Soldiers in Iraq leave behind relatives who share their sacrifices
JEFFERSON CITY—America has learned all about the definition of true heroism in the 2000s—those who are willing to sacrifice everything in the war-torn land of Iraq.
Men and women are sacrificing to fight a war on terror while families are left behind without husbands, fathers, wives, mothers, sons or daughters. But do we give much thought to the heroes of the homeland? We have two such people who work right here in the Baptist Building—wives of soldiers and members of Missouri Baptist churches. They are Elaine Carder, administrative assistant in human resources and a member of Memorial Baptist Church in Jefferson City, and Linda Boorman, mail center manager and a member of Southridge Baptist Church in Jefferson City.
It was 1990 when Iraq invaded Kuwait, an action that triggered the American response, which resulted in Operation Desert Storm. Warrant Officer Kenny Carder was deployed to Iraq in 1991, leaving behind Elaine. She was pregnant with their first-born child who was born while he was overseas.
“I’ve been deployed four times to Iraq since then,” he said.
When asked what role and support she has been during these times, he said, “It would be humanly impossible to do anything without Elaine’s support. She’s my counselor.” He noted that being in the military means much stress, but “the reason why our marriage is successful is because of our relationship with Christ.”
Having to take care of their two children on her own, Elaine has had to manage school, camps, athletics and church for Cody, 16, and Shelby, 11. “Cody has been a Godsend,” Kenny Carder said. “He’s the man of the house while I’m gone.”
Shelby, being more emotional, is just as strong, according to her mother. “When Kenny’s home on leave she wouldn’t let him out of sight,” she said.
“One verse that has given me strength and comfort when Kenny’s gone is Philippians 4:13 which says, ‘I can do all things through Christ who strengthens me.”
Carder has been back from Iraq for a little over a year now and he is currently working full time for the Missouri National Guard. Although he’s back in the comfort of his own home instead of in the deserts of Iraq, where sandstorms are common and violence fills the unpaved roads that are used for convoys, Carder still has vivid memories of what war did and also of the presence of the Lord, even in times of rest.
“The last time I was in Iraq I had the whole responsibility to get the men from Iraq to Kuwait,” Carder said, “It was rough with snipers and bombings along the way in the convoys, but I remember one night before I laid down, I was praying and I heard God say, ‘It’s OK, you’re going to be fine.’ It was amazing, as if He were right there next to me speaking.”
Staff Sgt. Paul Boorman got his orders to go to Iraq in January 2005. He did his training in Fort Bliss, Texas. As he spoke of the atmosphere in Iraq, he said, “You haven’t really seen the desert until you’ve seen Iraq. It’s nothing but sand as far as the eye can see.”
Boorman worked in the recovery section where he saw things that no man should have to see, but he said that even in the midst of all the turmoil and pain he still felt God’s presence.
“Any time you simply wake up you know it’s because of God; in the middle of bombs God was there. God showed Himself through nature. Even in the middle of nothing we’d be given little glimpses of God’s beauty,” Boorman said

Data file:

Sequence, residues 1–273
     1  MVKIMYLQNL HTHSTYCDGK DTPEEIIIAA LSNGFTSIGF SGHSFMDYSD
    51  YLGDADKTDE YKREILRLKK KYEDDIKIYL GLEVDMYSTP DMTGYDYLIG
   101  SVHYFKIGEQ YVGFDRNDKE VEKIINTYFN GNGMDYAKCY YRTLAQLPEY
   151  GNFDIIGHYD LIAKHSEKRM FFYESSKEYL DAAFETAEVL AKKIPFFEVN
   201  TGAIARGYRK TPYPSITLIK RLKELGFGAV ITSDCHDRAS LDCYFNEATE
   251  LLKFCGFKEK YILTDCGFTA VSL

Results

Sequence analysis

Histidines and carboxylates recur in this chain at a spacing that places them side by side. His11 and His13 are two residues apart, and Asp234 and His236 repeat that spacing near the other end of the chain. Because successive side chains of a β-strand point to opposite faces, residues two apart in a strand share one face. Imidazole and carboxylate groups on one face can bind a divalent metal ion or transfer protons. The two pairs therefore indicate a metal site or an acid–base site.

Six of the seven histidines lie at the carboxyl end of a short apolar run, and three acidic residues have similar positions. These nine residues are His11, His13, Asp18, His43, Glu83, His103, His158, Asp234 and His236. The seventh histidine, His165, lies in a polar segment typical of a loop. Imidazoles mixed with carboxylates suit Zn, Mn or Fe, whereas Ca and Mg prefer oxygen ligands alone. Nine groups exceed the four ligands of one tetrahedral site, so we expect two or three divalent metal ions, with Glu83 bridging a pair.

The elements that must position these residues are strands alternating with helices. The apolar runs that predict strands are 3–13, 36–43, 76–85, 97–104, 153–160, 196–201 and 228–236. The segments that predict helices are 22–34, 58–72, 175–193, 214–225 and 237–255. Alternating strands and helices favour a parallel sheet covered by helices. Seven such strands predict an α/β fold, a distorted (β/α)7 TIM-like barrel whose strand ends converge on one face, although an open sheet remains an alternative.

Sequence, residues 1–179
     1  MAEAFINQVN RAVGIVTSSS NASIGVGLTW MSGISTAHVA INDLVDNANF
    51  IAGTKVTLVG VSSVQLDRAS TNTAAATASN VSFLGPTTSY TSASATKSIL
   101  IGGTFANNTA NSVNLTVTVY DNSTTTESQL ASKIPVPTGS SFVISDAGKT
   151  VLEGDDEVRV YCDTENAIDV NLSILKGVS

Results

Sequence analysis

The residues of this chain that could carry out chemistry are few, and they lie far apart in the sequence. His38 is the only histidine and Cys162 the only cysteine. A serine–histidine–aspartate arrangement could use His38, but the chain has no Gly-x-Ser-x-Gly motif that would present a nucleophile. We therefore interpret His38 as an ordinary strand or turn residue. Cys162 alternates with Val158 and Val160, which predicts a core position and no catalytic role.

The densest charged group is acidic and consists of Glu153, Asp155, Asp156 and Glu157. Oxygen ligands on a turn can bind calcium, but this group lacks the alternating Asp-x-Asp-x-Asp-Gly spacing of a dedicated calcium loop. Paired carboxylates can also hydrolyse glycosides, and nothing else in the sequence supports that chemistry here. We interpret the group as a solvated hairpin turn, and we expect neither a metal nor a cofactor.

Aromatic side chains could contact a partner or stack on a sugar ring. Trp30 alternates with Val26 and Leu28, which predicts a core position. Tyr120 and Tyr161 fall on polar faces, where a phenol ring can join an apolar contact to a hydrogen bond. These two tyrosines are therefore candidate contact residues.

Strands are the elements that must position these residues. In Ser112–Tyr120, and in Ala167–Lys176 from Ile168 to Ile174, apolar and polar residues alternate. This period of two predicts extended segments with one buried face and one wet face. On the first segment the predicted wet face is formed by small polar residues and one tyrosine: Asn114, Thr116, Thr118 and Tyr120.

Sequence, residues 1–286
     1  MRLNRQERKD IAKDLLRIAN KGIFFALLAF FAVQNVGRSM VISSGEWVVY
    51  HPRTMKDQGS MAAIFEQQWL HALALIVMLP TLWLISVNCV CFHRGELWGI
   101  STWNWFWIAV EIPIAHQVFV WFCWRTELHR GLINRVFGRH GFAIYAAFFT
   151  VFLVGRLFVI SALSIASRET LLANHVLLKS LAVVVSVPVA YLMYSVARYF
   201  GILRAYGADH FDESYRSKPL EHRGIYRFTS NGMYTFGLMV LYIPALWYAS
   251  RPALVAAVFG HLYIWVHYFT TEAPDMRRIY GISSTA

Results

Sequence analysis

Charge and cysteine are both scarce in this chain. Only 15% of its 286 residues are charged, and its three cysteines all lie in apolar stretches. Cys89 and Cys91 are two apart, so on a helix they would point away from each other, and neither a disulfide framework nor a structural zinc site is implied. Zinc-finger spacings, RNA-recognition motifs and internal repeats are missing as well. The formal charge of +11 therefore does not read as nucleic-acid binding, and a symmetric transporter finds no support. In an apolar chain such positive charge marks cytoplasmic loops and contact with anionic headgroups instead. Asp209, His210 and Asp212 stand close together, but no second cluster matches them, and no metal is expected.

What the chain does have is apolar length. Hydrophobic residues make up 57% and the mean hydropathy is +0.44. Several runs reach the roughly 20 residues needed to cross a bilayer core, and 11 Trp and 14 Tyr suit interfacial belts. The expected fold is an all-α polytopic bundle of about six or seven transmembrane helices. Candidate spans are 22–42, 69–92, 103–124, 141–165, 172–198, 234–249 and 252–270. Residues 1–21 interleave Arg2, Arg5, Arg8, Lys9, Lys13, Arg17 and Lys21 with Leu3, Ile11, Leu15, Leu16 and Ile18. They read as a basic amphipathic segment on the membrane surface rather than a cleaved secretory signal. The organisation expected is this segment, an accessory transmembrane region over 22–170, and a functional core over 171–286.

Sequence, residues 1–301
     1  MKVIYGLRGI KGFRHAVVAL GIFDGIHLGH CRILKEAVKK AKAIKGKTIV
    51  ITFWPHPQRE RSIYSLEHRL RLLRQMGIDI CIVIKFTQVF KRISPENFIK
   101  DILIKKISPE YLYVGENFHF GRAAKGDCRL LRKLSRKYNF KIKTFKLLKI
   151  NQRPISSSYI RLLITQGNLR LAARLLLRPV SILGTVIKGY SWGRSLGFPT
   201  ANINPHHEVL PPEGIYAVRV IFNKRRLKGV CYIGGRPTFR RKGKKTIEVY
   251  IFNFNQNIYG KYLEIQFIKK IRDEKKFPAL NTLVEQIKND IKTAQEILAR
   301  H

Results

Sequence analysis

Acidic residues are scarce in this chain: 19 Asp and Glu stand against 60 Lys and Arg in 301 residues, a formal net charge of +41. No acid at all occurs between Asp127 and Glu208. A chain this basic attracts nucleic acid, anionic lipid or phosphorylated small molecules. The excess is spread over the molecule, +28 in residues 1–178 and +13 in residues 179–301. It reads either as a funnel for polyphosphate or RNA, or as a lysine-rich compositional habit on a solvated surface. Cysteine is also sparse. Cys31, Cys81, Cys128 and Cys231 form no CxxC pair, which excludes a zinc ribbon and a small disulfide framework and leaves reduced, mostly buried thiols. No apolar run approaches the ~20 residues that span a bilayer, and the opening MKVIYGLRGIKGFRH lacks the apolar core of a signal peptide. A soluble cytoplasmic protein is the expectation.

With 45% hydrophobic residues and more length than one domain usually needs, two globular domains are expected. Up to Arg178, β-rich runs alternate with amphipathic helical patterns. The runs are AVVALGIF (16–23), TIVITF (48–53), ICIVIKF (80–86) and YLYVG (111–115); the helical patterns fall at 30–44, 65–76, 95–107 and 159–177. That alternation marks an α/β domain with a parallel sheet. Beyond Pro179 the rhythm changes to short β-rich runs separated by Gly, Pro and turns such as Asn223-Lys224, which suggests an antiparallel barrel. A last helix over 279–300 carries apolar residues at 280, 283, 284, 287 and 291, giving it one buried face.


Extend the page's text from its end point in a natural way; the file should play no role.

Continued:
Before he went to bed at night he got a slight feeling of home as he looked at a photo of his wife, Linda, and their dog, Brutus, who is affectionately known as their “son.” This is when he prayed.
“I talked one on one with God; it was a continual conversation,” he said. “I would pray mostly for safety and that it would get over quick so I could go home.”
The mainstream media tends to miss elements of what is actually happening on the ground in Iraq, Boorman said.
“TV doesn’t show all the good things that are going on, and what we do for the people of Iraq,” he said. “They just show killing, but there have been soldiers who have gone into orphanages and villages and taken books, food and have even donated blood to the people of Iraq.”
Having been to Saddam Hussein’s hometown of Tikrit, Boorman said, “You wouldn’t believe what these palaces were like. The handles in the showers and on the toilets were pure gold. There were stained glass ceilings, and the walls and flooring were all marble.”
He spoke of the lakes that were right outside the balconies of the palaces. On one side there was a scene that resembled tropical beauty; on the other side was complete poverty.
“People lived in mud huts right next to one of these palaces,” Boorman said.
Boorman came home in February 2006. He returned to his old job with the National Guard here, but just like Carder, he has strong memories of that war-torn country that are still in the forefront of his mind.
“When you’re in the middle of war you focus on what’s going on around you (and) you must keep your mind on home,” Boorman said. But now that they’re home, it’s hard not to remember what the war and grief in that area of the world was like.
Both Carder and Boorman said that it was the prayers of their wives and other brothers and sisters in Christ that kept them alive. Boorman said that when he came back on his two-week leave in October 2005, while he was in Atlanta, he and some other soldiers in the airport never paid for a meal and were moved to first class seating on the flight in honor of the sacrifices they’ve made.
May we never forget their sacrifice and the sacrifices of the families of those in the military during this time.